Click here for the entire Inside the Playbook series.

Click here for an example of the “Levels” concept from a stack alignment.

Let’s spend some time this weekend talking Xs and Os by looking at an inside breaking concept that can beat Cover 1 (man-free) and Cover 2 (or Tampa 2). A route that was run consistently (with production) by Peyton Manning’s offenses in Indianapolis.

Check out the diagram up on the chalkboard and then we will get into some coaching points.

Offensive Personnel: Ace (2WR-2TE-1RB)
Formation: Doubles
Route: Levels

Playbook

- Start with the closed (strong) side of the formation. Here, I have the Y (TE) on the inside seam and the No.1 WR (Z) running the 9 (fade) route. Clear out (or occupy) the top of the secondary to the closed side and go to work on the “Levels” concept. The No.1 WR to the open (weak) side (X) will take a plus-3 split (also called an “over-split) and the run the “Smash” concept with the 2nd TE (U) on the intermediate dig route. Two levels for the QB to read.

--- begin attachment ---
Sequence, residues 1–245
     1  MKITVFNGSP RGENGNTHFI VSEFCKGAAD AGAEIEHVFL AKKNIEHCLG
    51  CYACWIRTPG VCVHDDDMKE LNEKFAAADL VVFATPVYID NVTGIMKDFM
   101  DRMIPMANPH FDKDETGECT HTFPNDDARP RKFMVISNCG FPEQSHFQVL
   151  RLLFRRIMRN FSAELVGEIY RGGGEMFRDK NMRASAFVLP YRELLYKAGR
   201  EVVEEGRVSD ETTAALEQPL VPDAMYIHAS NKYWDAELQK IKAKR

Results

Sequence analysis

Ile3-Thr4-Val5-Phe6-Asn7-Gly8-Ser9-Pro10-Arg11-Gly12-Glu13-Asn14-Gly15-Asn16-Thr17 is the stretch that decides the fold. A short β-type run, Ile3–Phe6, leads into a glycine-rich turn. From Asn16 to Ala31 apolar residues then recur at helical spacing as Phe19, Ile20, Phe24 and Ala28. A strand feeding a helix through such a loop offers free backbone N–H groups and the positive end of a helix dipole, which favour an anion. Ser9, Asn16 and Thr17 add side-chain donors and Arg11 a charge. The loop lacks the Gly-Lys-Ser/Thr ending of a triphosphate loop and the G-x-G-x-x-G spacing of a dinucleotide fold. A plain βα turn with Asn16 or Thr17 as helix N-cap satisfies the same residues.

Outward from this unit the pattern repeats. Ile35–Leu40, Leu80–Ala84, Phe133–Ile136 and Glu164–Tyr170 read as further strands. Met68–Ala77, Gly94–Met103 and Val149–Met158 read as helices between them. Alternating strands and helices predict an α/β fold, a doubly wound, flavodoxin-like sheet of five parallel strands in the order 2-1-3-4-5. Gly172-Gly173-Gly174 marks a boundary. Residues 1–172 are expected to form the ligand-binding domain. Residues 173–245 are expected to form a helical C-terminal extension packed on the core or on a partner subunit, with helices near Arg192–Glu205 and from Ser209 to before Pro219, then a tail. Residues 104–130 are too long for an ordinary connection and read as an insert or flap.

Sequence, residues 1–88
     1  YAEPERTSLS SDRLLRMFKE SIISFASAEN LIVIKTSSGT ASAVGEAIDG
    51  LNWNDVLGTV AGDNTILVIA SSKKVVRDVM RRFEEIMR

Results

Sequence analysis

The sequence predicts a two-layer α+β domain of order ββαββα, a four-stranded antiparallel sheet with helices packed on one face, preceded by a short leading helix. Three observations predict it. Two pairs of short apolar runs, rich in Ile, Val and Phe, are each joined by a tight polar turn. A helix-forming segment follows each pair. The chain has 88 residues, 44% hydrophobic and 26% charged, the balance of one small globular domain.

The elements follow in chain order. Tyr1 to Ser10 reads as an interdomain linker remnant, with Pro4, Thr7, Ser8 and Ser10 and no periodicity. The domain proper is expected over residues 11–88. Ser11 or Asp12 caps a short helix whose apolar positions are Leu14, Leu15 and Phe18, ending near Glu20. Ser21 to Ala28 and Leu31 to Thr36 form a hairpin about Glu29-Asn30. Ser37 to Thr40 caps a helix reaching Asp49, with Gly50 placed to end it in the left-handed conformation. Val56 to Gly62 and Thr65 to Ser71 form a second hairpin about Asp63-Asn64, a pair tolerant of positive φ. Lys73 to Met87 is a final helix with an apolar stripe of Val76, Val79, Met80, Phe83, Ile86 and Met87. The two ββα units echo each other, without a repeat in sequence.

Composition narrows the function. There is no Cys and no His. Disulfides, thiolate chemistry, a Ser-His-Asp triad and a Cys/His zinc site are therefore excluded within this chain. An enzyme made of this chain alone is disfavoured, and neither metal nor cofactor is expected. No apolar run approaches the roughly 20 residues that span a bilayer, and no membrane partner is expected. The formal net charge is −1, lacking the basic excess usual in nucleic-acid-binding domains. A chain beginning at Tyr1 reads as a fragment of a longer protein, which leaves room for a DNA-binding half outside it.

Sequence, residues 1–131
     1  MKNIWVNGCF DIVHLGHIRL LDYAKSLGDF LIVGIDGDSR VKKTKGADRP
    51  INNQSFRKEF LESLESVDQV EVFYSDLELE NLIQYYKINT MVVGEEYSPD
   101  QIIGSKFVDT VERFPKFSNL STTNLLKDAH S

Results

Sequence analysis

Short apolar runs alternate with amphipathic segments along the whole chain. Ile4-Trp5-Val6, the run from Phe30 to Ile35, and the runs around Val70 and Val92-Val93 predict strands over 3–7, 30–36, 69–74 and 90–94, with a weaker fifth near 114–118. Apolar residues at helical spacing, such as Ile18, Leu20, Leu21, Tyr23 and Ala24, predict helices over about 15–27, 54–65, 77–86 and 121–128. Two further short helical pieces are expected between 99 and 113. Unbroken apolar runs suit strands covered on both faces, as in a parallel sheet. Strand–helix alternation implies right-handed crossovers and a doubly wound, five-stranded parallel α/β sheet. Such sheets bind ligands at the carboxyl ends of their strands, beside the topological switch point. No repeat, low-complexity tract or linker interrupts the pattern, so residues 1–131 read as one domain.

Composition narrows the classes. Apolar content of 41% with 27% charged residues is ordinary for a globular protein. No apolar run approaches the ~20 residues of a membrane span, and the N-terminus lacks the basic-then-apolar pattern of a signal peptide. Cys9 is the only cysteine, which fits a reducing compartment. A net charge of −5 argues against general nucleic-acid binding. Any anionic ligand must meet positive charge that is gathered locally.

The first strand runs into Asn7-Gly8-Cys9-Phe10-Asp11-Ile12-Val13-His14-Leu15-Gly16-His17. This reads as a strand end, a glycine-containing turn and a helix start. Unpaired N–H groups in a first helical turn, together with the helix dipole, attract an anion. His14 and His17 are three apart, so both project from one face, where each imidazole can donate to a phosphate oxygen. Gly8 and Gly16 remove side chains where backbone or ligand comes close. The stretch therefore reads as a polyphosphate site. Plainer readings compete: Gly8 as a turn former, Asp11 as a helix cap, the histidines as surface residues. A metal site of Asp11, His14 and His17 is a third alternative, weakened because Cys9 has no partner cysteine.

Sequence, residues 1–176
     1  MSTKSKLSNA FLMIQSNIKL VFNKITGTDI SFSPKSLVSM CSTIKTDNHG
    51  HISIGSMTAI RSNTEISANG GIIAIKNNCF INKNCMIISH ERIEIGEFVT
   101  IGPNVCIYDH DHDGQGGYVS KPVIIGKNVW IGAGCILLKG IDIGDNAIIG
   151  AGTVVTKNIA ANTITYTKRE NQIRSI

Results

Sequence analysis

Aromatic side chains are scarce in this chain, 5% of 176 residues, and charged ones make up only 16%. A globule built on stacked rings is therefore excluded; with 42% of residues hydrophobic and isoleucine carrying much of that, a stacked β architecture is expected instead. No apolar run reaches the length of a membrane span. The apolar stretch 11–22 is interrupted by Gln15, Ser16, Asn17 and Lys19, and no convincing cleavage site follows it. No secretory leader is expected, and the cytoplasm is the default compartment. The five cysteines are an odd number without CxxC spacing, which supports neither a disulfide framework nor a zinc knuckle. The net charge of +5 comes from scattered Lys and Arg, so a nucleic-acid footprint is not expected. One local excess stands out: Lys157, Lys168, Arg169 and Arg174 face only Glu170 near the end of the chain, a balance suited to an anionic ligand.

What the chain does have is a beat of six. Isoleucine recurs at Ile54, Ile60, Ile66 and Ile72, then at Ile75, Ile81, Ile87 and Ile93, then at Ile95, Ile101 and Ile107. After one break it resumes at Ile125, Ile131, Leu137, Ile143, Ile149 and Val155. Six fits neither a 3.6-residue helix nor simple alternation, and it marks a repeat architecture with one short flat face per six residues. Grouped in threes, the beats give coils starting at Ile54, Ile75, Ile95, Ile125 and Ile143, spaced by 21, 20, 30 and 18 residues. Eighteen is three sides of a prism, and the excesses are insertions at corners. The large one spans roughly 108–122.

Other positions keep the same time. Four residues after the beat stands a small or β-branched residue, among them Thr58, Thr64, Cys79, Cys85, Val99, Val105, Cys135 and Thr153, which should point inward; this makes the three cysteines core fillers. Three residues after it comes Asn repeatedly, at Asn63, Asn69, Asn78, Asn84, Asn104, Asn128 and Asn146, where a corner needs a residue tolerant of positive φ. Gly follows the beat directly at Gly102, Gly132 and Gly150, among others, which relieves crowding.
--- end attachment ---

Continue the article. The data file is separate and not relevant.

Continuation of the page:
- Why is the pre-snap alignment of X important from a defensive perspective? It tells you a story. Remember, he is aligned there for a reason on the “Levels” concept: to create some room. Working against Cover 2, the QB wants to target the X receiver (think 3rd and 2-6 situation) and make the throw before the Nickel or Will Backer (“seam-hook” players) can drive to the ball.

- I mentioned Manning and the Colts offense above because they used to beat defenses with this route every Sunday. Keep Ace personnel on the field; remove TE Dallas Clark from the core of the formation as a slot receiver (U) and target WRs Reggie Wayne or Marvin Harrison (X) underneath on the “Smash.”

-What about Cover 1? Think defensive leverage here in man-free. Different than playing Cover 0 (align with inside shade), the DBs (or LBs) in coverage will  maintain outside leverage and are coached to funnel receivers to the middle of the field. If the U or X creates some separation on the release or at the top of the route stem, they can work back to the middle of the field with the defender in a trail position.

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